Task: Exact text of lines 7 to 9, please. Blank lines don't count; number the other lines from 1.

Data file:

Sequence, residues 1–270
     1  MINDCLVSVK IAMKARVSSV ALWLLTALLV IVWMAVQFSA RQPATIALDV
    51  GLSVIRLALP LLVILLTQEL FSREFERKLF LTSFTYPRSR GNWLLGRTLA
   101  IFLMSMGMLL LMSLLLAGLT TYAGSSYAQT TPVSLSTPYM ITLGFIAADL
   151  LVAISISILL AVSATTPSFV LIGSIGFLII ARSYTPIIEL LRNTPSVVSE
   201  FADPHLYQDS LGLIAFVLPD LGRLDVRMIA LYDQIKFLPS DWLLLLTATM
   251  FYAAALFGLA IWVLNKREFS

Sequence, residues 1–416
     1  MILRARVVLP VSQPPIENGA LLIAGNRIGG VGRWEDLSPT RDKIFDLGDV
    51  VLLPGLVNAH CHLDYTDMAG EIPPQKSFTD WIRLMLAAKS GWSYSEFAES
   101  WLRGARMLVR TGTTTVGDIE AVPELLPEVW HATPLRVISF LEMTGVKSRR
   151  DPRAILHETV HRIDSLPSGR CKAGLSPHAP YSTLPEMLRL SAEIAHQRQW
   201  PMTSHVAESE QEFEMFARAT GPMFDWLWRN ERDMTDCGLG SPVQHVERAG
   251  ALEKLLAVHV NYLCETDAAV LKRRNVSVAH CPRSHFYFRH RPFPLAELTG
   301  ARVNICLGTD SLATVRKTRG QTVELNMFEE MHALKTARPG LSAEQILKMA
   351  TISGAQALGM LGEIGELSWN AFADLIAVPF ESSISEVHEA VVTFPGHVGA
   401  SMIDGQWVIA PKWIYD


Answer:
   251  FYAAALFGLA IWVLNKREFS

Sequence, residues 1–416
     1  MILRARVVLP VSQPPIENGA LLIAGNRIGG VGRWEDLSPT RDKIFDLGDV